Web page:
The stimulus bill was imperfect. A sizable share of the stimulus ie., its tax provisions, enhanced Medicaid funding, etc., were political elements aimed at garnering sufficient support for the legislation. They were not designed to shore up/increase aggregate demand.There is no question that a stimulus was needed but not what Obama jammed through the Congress as emergency legislation.
Pure stimulus focused on aggregate demand e.g., increased infrastructure investment, etc., would have delivered more bang for the buck. Nonetheless, in its April 2010 World Economic Outlook, the IMF noted that the U.S. fiscal stimulus added a full percentage point to 2009 GDP.
It should be noted that a number of the stimulus bill's opponents wanted no stimulus package whatsoever, even as such inaction would have led to a markedly worse economic contraction/job loss. That the unemployment rate rose much higher than some of the stimulus package's advocates had expected only revealed that they had underestimated the magnitude of the economic contraction. Other opponents, some of whom railed against the rescue of the financial system that, if it had collapsed would have resulted in a deflationary Depression, actually wanted a massive bailout of homeowners. While such a bailout would have softened the impact of the decline in housing prices, it would have done nothing to avert a Depression once the financial system collapsed.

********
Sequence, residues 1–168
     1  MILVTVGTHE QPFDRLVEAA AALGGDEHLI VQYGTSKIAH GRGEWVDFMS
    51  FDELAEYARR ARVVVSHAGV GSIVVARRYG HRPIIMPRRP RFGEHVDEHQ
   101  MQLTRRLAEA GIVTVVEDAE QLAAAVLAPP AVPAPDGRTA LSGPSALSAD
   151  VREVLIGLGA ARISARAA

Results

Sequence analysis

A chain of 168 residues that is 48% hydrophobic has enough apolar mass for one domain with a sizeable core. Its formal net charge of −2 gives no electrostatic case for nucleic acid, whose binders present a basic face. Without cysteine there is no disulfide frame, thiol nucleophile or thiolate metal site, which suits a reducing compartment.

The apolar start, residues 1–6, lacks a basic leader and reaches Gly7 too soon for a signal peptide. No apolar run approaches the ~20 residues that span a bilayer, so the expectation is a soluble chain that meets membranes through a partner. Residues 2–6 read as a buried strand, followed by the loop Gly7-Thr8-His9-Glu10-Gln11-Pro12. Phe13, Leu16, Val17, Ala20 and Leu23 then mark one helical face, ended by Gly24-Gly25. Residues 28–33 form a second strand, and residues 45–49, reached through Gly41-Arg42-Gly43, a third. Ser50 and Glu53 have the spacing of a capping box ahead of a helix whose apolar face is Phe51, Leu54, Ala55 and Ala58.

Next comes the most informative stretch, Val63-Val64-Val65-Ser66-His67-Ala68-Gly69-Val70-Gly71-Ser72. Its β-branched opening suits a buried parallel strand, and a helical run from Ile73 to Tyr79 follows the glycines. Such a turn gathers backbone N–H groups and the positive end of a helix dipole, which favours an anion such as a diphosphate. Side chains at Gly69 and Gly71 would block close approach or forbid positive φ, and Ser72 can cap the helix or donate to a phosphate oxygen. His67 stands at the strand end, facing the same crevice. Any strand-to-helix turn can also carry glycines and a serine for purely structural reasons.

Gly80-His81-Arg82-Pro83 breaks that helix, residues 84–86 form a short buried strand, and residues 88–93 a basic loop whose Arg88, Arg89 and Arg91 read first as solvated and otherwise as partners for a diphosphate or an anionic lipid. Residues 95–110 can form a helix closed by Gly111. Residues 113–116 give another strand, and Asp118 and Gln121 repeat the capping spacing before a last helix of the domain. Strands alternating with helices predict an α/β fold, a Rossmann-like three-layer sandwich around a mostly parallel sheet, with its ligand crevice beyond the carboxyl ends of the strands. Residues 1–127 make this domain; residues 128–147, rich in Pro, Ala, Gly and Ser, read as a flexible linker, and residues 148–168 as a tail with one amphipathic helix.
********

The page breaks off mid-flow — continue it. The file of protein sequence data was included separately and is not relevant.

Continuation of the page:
Where policy makers should cooperate going forward is developing a credible fiscal consolidation program and implementing it beginning next year should the economy continue to grow. But, at least at this point, it appears that ideology will likely trump the politically courageous decisions required to launch such a program. Instead soothing fairy tales that the economy will magically grow its way out of the nation's imbalances, sparing policy makers of the less popular need to impose a combination of discretionary spending cuts, mandatory spending reform, and tax increases. That's exactly the kind of denial that has gotten other countries into ever deeper fiscal difficulty.